For a trailing stop to be effective, a callback rate should neither be too small or too large and the activation price should neither be too close or far away from the current price. When the callback rate is too small or the activation price is too close, the trailing stop is too close to the entry price and is easily triggered by normal daily market movements. There is no room for a trade to move in the direction favorable to traders before any meaningful price moves occur. The trade will close/exit at a point where the market took a temporary dip and then recovered, resulting in a losing trade.
When the callback rate is too large, the trailing stop will be only triggered by extreme market movements, which means the traders are taking on unnecessarily large risks.A higher callback rate is generally a better bet during volatile periods, while a lower callback rate is preferable during normal market conditions.
There is no ideal optimal callback rate and activation price. Traders are advised to revise their trailing stop strategy from time to time due to constant price fluctuations in the market. You should always carefully consider whether a trade is consistent with your risk tolerance, investment experience, financial situation and other considerations that may be relevant to you. Other than the range of price changes, always determine your callback rate and activation price based on your targeted profitability levels and acceptable losses within your capacity.
Examples
(1) Placing a “Sell” Trailing Stop Order for a long trade
The current last price of BTC/USDT perpetual contract is 10,000 USDT. User A places a trailing stop order as follows:
  • Callback rate: 5%
  • Activation price: 10,500 USDT
  • Trigger: Last Price
The trailing stop price is 9,500 USDT when the last price is 10,000 USDT. A new trailing stop price is formed at 9,975 USDT [Last Price* (1 - callback rate)] when the price increases to 10,500 USDT.
The trailing stop price stops when the price moves down. When the price moves to its peak price at 11,000 USDT, a new trailing price is formed at 10,450 USDT. When the price moves down, the trailing stop also stops. A sell order will be executed at market price to close the position when the price moves more than 5%, and which reaches and exceeds the trailing stop price at 10,450 USDT.
The trigger conditions are as follows:
  • Activation Price (10,500 USDT) < Highest Price (11,000 USDT)
  • Rebound Rate (9.09%) > Callback Rate (5%)
Note:
Rebound Rate = (Highest Price - Rebound Price) / Highest Price
= (11,000 - 10,000) / 11,000
= 9.09%
(2) Placing a “Sell” Trailing Stop Order for a long trade
The current Last Price of BTC/USDT perpetual contract is 10,500 USDT. User A places a trailing stop order as follows:
  • Callback rate: 2%
  • Activation price: 11,000 USDT
  • Trigger: Last Price
Situation A - Both conditions are met
The Last Price increases significantly from 10,500 USDT to 11,500 USDT (peak price) and later drops to 11,200 USDT.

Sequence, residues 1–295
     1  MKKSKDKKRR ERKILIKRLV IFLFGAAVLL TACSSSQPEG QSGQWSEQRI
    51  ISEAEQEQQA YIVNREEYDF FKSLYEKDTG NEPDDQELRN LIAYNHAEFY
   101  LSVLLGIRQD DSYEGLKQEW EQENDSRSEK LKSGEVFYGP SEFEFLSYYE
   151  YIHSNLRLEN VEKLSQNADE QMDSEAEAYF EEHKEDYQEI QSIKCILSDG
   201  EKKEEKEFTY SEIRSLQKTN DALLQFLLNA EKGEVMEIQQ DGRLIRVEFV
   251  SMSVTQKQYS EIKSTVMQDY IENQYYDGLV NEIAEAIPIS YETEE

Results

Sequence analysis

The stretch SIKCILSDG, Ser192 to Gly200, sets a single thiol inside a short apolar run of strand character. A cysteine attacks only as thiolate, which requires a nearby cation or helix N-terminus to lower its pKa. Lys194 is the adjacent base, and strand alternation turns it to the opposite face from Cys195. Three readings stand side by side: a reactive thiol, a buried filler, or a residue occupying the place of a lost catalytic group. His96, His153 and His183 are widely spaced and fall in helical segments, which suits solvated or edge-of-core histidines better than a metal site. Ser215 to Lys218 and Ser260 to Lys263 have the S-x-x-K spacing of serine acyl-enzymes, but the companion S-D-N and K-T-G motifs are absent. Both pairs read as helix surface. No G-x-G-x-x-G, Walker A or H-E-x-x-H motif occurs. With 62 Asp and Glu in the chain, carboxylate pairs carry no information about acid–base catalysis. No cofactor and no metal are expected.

The trailing stop order is executed and a sell order is issued at market price as the following conditions are met:
  • Activation Price (11,000 USDT) < Highest Price (11,500 USDT) ---> Condition is met
  • Rebound Rate (2.61%) > Callback Rate (2%) ---> Condition is met
Note:
Rebound Rate = (Highest Price - Rebound Price) / Highest Price
= (11,500 - 11,200) / 11,500
= 2.61%
Situation B - Only one condition is met
The Mark Price increases significantly from 10,500 USDT to 11,500 USDT (peak price) and later drops to 11,450 USDT.
The trailing stop order is not be executed and no sell order is issued at market price as only one of the following conditions is met:
  • Activation Price (11,000 USDT) < Highest Price (11,500 USDT) ---> Condition is met
  • Rebound Rate (0.43%) < Callback Rate (2%) ---> Condition is not met
Note:
Rebound Rate = (Highest Price - Rebound Price) / Highest Price
= (11,500 - 11,450) / 11,500
= 0.43%
(3) Placing a “Buy” Trailing Stop Order for a short trade
The current Mark Price of BTC/USDT perpetual contract is 10,500 USDT. User A places a trailing stop order as follows:
  • Callback rate: 3%
  • Activation price: 10,000 USDT
  • Trigger: Mark Price
Situation A - Both conditions are met
The Mark Price drops drastically from 10,500 USDT to 9,500 USDT (lowest price) and later increases to 9,800 USDT.
The trailing stop order is executed and a buy order is issued at market price as the conditions are met as follows:
  • Activation Price (10,000 USDT) > Lowest Price (9,500 USDT) ---> Condition is met
  • Rebound Rate (3.16%) > Callback Rate (3%) ---> Condition is met
Note:
Rebound Rate = (Rebound Price - Lowest Price) / Lowest Price
= (9,800 - 9,500) / 9,500
= 3.16%
Situation B - Only one condition is met
The Mark Price drops drastically from 10,500 USDT to 9,900 USDT (lowest price) and later increases to 9,950 USDT.
The trailing stop order is not be executed and no buy order is issued at market price as only one of the following conditions is met:
  • Activation Price (10,000 USDT) > Lowest Price (9,900 USDT) ---> Condition is met
  • Rebound Rate (0.51%) < Callback Rate (3%) ---> Condition is not met
Note:
Rebound Rate = (Rebound Price - Lowest Price) / Lowest Price
= (9,950 - 9,900) / 9,900
= 0.51%